You’ve worked hard to develop a product that will meet a need or solve a problem for your customers. Now you’re struggling with product adoption rates. Why is that happening, and what can you do about it? It's usually one or more of these three issues.
1. The product is not user-friendly
An unfriendly user interface/experience can be a killer. How can you tell if your product is not friendly? Look for any of the following qualities: overwhelming, confusing, unintuitive, buggy, slow. These are common sources of user friction.
Depending on how honest you are about your product, you might already be jumping ahead to the next bullet. I'd caution you to reflect on this one for a bit. Imagine scoring your product on each of the dimensions above. Looking at the individual scores, you might conclude all is good. But here's where things get interesting. Users do not experience the above qualities on a one-off basis -- the factors hit at the same time.
Let's unbox this with a more concrete example. You're aiming for a frictionless UX, but in reality, let's say your product's user onboarding flow (a) is confusing; (b) the final step has a bug. The effects of the confusion and the bug amplify one another in a multiplicative fashion. The result is that a new user is much more disappointed than if there were only a bug or only confusion. To put this into numbers, we can imagine the following.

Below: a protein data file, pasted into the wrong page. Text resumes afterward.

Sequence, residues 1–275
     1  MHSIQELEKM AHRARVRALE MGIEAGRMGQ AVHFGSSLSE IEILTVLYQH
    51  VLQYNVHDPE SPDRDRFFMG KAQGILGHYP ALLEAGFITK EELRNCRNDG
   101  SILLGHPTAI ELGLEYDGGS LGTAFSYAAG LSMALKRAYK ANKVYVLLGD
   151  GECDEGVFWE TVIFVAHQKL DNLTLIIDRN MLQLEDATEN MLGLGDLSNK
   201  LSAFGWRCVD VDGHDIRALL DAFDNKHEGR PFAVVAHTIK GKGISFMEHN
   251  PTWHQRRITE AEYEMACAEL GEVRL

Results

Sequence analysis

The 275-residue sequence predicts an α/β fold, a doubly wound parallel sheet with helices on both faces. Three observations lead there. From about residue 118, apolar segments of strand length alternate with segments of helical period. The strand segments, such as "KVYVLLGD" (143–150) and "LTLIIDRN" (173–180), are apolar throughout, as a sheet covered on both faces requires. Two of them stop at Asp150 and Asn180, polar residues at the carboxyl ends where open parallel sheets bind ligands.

- Customer satisfaction score with only bug: 8/10
- Customer satisfaction score with only confusion: 8/10
- Customer satisfaction score with both bug and confusion: 2/10
User adoption often correlates with customer satisfaction. Make your product as friendly as possible for users. If you don't, you are racing against your competitors with your feet tied together. Good luck winning.
2. The product's value is unclear
These are two close but different statements:
- My product is valuable
- Users understand that my product is valuable
Almost all products can argue that (1) is true for their product. Not many can say that (2) is true. If you have (1) but not (2), you will most likely struggle with product adoption. You have users, but you're not convincing them to become active users.